Magazine article The Christian Century

Hermitage Sees Surge in Laypeople Who Want a Monastic Experience

Magazine article The Christian Century

Hermitage Sees Surge in Laypeople Who Want a Monastic Experience

Article excerpt

When Paula Huston first met the monks of the New Camaldoli Hermitage, a Benedictine monastic community perched on cliffs overlooking the Pacific Ocean, she was in her late thirties and considered herself an atheist.

"I don't think I'd ever even talked to a priest before, much less seen a monk, and here were these monks, and they were dressed in their interesting and strange white robes, and it just struck me so hard that this was really a radically alternative way to live," she recalled.

Huston is now one of hundreds of oblates, or people who affiliate with the monastic community while living in the world. They follow an ancient rule by St. Benedict that continues to guide daily living for monks and oblates alike.

When she first came, Huston noticed the "deliberate kindness" of the monks.

"After having gone through a divorce and divorce court, I was used to a much different attitude from people in my life," she said. "It was also the first time I had to look inside of myself.... What was I so angry about, and what had I been missing for years and years and years?"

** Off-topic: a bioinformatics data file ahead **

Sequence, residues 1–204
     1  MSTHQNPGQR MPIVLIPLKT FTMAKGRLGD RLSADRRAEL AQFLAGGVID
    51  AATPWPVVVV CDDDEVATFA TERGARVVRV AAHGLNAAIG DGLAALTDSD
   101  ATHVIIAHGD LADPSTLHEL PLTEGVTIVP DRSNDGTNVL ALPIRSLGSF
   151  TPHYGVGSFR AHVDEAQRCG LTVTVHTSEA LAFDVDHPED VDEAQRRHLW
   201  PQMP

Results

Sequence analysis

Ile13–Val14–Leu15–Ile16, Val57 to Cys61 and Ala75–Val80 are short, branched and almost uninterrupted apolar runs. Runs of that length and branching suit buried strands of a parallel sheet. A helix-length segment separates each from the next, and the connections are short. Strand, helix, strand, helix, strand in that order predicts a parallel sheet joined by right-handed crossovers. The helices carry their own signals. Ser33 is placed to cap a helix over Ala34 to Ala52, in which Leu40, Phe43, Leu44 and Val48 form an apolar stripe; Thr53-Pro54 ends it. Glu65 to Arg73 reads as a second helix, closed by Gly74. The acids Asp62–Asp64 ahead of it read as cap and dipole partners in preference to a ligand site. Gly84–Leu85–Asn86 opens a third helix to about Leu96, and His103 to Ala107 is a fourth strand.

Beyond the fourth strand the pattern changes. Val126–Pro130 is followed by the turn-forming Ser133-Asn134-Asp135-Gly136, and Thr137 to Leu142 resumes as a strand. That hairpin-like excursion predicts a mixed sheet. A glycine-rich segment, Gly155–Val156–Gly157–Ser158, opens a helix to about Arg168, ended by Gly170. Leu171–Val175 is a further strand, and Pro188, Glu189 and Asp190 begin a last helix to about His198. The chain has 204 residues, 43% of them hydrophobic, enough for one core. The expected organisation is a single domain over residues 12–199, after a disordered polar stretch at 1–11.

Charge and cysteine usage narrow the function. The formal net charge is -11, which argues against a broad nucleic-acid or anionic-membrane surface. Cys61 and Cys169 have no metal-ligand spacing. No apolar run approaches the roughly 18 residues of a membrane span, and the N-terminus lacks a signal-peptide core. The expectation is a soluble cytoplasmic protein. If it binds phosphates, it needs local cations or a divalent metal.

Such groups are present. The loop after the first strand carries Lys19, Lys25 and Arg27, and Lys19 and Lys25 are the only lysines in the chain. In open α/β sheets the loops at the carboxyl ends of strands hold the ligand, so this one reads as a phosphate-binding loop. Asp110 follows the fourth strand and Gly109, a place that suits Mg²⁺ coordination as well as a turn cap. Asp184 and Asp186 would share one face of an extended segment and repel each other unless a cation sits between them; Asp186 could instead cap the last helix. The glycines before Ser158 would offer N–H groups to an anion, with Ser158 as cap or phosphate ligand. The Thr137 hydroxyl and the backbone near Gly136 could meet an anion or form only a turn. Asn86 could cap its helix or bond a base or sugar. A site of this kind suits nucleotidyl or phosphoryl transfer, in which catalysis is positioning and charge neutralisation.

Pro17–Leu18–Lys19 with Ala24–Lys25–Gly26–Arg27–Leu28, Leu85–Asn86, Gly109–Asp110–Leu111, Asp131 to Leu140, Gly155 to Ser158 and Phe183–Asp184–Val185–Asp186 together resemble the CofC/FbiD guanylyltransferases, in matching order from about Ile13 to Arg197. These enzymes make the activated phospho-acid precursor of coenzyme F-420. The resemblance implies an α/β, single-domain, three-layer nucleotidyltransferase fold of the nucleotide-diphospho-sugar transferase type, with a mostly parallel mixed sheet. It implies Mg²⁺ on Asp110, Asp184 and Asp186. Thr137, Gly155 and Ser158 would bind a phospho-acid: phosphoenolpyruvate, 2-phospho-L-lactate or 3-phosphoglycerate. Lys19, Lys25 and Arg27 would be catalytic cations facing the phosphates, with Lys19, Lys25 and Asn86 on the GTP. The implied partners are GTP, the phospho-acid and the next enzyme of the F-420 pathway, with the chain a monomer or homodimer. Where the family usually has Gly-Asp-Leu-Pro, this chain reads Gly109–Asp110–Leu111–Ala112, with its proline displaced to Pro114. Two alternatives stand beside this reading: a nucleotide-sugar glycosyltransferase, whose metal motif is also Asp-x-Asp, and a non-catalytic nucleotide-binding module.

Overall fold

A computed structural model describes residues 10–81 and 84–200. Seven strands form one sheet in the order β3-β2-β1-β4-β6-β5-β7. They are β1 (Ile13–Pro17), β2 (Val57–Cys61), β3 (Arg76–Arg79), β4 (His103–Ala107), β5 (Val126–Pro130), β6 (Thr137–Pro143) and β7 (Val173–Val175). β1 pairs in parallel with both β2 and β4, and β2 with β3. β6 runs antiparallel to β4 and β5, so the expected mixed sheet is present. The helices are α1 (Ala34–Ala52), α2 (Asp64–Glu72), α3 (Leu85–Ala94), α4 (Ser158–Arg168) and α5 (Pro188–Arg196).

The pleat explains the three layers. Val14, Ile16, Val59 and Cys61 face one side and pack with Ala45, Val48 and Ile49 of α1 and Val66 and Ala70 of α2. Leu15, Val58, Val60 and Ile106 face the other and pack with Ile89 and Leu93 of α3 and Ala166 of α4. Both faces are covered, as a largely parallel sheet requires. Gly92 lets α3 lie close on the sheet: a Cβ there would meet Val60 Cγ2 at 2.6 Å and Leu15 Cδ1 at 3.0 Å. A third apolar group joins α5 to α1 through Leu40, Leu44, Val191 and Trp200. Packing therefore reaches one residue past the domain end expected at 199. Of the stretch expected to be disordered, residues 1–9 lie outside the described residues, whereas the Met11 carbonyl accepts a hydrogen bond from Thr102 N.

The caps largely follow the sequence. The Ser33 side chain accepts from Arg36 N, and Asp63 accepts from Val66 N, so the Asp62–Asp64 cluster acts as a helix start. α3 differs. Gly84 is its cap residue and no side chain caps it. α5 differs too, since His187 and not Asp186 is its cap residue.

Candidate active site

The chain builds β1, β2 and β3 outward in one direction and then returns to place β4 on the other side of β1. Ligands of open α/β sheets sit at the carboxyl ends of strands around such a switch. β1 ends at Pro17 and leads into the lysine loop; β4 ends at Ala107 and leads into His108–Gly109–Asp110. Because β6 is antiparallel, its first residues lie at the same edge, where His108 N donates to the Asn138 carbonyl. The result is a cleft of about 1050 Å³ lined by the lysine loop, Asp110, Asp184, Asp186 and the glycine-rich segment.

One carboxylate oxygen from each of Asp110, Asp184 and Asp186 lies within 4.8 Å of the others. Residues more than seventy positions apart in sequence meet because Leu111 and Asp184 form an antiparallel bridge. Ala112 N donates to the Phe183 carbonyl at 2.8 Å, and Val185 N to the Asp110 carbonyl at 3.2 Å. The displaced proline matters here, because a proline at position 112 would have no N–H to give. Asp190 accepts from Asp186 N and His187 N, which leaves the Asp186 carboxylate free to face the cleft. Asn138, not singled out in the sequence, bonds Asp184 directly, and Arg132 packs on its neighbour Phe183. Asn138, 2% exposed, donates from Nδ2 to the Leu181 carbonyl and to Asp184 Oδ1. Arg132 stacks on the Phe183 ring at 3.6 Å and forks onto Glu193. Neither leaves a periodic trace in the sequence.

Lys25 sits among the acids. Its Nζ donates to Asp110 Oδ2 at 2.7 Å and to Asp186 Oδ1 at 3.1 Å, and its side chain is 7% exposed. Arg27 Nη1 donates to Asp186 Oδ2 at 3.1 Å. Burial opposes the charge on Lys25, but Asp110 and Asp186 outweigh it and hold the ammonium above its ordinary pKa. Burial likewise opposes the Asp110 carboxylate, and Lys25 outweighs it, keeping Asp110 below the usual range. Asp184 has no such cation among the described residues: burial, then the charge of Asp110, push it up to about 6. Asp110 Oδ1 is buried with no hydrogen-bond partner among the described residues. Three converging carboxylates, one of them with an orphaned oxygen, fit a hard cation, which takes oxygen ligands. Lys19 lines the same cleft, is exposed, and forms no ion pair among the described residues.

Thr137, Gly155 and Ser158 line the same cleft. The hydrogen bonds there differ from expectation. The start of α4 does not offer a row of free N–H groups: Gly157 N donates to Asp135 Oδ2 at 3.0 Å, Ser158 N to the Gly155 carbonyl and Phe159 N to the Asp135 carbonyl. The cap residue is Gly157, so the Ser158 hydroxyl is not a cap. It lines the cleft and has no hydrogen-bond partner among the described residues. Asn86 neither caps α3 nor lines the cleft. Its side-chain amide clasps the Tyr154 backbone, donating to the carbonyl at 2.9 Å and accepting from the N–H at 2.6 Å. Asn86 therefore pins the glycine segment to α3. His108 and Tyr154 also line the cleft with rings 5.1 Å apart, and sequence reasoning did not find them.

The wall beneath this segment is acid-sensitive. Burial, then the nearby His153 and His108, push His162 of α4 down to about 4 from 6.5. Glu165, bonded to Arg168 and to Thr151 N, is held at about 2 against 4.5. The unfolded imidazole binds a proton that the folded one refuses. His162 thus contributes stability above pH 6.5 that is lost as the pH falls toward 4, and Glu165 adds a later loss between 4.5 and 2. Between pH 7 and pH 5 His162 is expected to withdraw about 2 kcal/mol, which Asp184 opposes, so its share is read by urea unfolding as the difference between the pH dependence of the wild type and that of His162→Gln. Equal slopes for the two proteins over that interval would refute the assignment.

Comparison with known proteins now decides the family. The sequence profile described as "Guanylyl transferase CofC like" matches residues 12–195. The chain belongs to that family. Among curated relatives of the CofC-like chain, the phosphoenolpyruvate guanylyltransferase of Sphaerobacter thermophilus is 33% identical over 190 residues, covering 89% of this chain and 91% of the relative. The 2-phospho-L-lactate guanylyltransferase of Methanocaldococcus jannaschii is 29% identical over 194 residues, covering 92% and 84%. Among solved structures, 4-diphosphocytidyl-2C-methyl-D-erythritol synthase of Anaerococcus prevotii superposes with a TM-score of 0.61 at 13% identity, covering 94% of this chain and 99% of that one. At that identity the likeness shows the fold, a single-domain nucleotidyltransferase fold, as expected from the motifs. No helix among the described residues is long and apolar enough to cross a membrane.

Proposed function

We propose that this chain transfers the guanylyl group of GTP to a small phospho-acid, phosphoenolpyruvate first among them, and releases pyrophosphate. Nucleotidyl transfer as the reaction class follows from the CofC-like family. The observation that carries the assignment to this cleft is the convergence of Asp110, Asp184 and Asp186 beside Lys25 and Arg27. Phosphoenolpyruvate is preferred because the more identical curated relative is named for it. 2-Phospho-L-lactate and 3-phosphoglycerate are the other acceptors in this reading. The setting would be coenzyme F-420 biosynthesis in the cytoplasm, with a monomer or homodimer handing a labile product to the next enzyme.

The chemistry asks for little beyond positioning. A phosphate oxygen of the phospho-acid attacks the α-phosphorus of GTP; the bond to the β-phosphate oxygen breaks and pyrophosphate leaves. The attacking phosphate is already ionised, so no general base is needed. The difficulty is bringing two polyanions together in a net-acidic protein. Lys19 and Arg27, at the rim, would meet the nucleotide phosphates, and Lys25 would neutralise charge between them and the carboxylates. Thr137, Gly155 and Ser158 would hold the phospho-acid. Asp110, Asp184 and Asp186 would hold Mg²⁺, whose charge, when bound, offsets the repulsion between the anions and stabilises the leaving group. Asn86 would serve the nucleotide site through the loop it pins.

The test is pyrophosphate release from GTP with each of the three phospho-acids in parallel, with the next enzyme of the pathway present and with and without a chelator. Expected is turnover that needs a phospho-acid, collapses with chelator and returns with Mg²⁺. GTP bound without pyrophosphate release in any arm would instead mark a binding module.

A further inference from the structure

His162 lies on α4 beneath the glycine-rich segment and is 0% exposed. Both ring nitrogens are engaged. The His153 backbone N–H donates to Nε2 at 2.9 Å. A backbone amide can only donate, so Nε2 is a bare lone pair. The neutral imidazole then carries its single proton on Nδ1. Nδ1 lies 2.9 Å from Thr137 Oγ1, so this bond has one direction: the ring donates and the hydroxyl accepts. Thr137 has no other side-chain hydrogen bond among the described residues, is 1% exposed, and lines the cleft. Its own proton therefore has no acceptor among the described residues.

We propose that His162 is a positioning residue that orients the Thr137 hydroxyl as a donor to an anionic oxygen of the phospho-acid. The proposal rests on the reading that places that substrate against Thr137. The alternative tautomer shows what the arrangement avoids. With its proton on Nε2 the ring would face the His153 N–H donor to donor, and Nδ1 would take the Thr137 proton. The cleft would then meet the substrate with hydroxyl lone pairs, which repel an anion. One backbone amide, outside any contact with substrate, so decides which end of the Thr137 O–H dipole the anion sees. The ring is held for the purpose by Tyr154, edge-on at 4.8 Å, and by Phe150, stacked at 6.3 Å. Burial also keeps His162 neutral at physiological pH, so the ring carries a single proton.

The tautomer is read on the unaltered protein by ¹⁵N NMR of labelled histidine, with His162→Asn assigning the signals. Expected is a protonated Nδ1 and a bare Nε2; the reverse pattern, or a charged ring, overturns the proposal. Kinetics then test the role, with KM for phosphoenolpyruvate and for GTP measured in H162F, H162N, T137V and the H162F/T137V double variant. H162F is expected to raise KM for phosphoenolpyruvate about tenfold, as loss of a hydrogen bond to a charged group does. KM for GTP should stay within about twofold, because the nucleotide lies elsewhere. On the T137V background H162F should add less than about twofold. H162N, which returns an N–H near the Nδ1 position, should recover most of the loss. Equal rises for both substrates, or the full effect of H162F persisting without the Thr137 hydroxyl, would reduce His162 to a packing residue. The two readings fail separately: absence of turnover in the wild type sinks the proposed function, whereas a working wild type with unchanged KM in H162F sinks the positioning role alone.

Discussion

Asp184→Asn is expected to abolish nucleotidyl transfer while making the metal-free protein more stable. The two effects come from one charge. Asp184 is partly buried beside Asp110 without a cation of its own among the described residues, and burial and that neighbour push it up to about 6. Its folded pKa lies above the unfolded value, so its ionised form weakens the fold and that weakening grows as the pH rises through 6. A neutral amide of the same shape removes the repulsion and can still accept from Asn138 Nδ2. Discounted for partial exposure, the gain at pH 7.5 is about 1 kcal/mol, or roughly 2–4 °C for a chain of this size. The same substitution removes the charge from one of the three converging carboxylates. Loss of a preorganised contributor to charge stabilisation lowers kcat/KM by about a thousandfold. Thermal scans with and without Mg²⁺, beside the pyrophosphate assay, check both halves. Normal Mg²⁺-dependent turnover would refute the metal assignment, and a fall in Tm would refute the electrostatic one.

The oblate program was launched in 1984 at a sister location in Berkeley, California, called Incarnation Monastery. At first there were only 15 oblates. By 2002, the numbers had swelled to over 350 oblates affiliated with both the monastery and the hermitage, which is in Big Sur. Now the number is around 700.

By comparison, a total of 24 monks in the community have taken full vows. While the number of monks and nuns at many monasteries and convents has declined dramatically in recent years, there has been a large increase in the number of laypeople who want to associate with religious communities.

"People know intuitively that there's something missing from their diet," said Father Cyprian Consiglio, who is prior at the hermitage. "What's really starving is our souls. We keep trying to fill it up on the outside, not realizing that there is this fountain inside."

Consiglio described how Benedict's rule lays out the day for the monks with proportion and balance among three activities: prayer, work, and study. The monks combine solitude and community, living as hermits in individual cells and gathering for prayer throughout the day.

"It's not about escaping ordinary life," Consiglio insisted. "It's about coming back to ordinary life and realizing God was in this place, too, and I just didn't see it before."

The shared commitment of monks and oblates to live by an ancient rule may not only ensure the survival of monasticism but also bring its way of life to a wider world. …

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